I have started to work on a project which I call “Poverty and Inequality”. This I do mainly because those are among the most important and terrible problems facing humanity – as shown in the following slide deck – but also in preparation of reading “Capital” by Piketty which focuses on inequality.
The data is derived from World Development Indicators. I have selected All Countries, twenty two Series relevant to the project, and twelve Years from 2001 to 2012. The resulting data table has been Datashaped and pivoted in order to give it a form optimal for analysis and visualization in Tableau. I have defined parameters and calculated fields that may be used to parametrize measures and thereby simplify the exploration of the data table. I have made sheets to display parametrized Tables, Bar Charts, Histograms, Histograms with overlays of histograms of Normal Curves with the same means and standard deviations, Box Plots, Tree Maps, Bubble Charts, Symbol Maps, Filled Maps, Scatter Plots, and ScatterPlot Matrices. It is much easier to select measures for these sheets from a list than to make sheets for each of the measures.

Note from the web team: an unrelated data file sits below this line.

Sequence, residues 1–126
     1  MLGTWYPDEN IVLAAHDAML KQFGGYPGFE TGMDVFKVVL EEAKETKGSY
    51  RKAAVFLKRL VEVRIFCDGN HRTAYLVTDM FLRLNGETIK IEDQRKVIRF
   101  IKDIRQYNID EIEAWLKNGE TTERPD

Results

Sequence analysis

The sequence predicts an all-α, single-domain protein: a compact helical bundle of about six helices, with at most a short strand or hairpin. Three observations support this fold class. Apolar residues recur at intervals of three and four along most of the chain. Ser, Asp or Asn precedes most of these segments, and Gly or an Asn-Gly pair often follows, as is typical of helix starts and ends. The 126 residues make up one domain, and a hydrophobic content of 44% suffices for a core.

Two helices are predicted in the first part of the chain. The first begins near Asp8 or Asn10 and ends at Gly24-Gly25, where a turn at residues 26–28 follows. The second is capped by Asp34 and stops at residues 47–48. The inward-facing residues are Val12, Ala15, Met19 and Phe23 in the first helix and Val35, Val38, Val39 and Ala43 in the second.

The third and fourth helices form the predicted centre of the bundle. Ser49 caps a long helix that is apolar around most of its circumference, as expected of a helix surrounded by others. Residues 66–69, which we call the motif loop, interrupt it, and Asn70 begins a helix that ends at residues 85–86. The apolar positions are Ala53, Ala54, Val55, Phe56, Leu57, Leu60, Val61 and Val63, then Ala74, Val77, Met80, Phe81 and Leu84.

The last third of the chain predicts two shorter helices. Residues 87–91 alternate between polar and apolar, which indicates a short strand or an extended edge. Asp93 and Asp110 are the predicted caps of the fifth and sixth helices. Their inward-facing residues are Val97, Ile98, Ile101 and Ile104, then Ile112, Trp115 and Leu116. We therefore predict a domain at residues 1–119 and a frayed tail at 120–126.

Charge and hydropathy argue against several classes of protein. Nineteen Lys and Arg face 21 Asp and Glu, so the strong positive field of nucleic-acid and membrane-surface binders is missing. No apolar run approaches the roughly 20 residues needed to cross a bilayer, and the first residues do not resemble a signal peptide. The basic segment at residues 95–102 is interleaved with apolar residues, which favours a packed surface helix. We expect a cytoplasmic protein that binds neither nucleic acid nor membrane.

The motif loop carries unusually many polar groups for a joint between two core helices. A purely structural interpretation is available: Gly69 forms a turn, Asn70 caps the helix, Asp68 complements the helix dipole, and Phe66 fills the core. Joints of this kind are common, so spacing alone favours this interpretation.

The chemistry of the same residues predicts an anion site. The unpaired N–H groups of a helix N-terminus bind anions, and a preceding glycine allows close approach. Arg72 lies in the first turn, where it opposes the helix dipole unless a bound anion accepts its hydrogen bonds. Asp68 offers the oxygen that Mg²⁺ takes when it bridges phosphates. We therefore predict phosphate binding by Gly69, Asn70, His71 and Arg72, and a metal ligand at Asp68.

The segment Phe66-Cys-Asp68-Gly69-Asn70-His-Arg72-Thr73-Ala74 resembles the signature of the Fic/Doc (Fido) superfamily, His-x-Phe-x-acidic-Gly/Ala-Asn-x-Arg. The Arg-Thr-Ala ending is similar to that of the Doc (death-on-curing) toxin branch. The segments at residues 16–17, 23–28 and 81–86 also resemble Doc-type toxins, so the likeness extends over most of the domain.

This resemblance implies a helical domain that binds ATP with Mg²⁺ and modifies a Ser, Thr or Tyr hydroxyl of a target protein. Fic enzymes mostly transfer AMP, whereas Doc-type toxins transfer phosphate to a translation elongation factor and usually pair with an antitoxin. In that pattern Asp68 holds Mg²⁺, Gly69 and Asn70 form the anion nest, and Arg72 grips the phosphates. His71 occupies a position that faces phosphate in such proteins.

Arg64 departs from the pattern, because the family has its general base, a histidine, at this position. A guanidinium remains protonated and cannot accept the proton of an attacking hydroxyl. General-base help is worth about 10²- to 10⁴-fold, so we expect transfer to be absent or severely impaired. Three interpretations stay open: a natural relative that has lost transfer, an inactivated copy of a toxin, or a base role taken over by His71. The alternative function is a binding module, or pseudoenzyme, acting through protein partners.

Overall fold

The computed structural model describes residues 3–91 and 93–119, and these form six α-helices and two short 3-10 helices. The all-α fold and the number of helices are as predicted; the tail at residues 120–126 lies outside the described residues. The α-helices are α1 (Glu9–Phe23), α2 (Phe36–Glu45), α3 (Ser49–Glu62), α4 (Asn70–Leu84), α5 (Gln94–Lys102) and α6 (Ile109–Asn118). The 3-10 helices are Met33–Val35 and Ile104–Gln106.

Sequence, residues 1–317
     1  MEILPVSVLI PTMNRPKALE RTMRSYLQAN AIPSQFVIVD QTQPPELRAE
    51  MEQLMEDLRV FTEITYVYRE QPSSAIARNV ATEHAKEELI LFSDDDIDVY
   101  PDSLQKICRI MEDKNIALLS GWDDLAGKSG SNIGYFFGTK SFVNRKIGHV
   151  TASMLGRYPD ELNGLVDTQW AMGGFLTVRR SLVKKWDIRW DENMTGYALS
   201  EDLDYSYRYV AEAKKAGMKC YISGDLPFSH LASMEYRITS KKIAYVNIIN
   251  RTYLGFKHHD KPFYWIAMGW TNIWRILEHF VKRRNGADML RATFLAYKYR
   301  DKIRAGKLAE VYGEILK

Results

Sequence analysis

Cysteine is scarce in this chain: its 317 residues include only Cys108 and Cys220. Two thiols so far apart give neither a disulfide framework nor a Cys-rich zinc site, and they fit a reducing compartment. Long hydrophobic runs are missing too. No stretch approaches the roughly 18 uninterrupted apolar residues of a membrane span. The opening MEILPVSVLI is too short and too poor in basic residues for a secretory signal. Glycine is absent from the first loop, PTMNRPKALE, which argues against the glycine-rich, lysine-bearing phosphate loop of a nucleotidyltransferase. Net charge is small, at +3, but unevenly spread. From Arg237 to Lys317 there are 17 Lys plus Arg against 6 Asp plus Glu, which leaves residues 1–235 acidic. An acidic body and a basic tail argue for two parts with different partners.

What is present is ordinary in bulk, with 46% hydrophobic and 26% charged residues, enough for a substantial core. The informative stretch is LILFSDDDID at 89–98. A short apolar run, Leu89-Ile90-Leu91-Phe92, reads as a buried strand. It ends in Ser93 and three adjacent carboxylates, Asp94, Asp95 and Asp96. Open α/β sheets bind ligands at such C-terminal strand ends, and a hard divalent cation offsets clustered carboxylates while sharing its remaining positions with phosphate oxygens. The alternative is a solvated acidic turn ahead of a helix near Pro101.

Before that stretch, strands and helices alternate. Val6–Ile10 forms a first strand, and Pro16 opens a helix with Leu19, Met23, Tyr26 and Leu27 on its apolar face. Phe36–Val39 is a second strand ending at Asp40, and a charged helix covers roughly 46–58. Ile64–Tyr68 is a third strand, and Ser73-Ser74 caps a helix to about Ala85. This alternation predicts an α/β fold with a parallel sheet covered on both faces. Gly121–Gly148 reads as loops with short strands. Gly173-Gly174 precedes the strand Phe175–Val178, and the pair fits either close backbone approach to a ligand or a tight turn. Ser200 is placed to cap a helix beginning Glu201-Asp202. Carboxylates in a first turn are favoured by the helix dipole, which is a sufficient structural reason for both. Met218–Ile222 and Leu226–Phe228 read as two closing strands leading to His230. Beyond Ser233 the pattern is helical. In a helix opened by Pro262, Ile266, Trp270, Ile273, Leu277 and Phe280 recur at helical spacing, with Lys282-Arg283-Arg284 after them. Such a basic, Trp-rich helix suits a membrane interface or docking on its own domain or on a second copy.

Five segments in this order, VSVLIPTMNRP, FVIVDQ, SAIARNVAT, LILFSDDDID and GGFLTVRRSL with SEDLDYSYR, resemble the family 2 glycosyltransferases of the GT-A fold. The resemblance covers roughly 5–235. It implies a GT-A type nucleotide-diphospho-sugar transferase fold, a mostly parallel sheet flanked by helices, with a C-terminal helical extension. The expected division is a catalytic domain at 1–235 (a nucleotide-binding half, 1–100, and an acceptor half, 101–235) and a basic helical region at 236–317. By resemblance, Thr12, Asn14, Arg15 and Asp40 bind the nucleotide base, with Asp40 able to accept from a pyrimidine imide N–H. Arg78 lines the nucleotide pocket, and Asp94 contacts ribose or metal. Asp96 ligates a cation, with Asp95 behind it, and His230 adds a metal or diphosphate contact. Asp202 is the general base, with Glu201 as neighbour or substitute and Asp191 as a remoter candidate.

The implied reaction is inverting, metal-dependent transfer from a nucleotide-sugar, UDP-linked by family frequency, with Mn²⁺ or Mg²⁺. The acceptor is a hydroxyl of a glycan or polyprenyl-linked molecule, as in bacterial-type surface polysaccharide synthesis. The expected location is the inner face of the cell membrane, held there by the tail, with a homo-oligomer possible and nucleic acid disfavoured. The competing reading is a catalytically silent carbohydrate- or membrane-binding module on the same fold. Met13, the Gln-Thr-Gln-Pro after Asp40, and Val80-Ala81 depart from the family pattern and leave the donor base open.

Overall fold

The data is derived from a census of all countries in the world. It is difficult to estimate its reliability (accuracy, consistency, stability). It is obviously not possible to calculate a reliability coefficient for the data. It is for example not possible to apply the test-retest methodology. It is also difficult to estimate the validity of the data. Do the World Development Indicators measure what we want to measure and what we think we are measuring.
The World Bank makes the following statement: ” The primary World Bank collection of development indicators, compiled from officially-recognized international sources, presents the most current and accurate global development data available. World Development Indicators (WDI) is the World Bank’s flagship statistical database and establishes the benchmark against which development progress is measured. WDI aims to provide relevant, high-quality, internationally comparable statistics about development and the quality of people’s lives around the globe. WDI data are presented by country, by topic, and by indicator. In addition to the descriptions of topics, indicator definitions, and data sources, “about the data” notes put indicators in the development context. In the “about the data” notes, information is provided on the usefulness of data, limitations, and potential weaknesses in the data.” However, in the book “World Development Indicators ” it is stated: “The World Bank does not guarantee the accuracy of the data included in this work.”
One of the topics of the World Bank is Poverty with the following website:
Economic inequality is one of the most serious problems for humanity.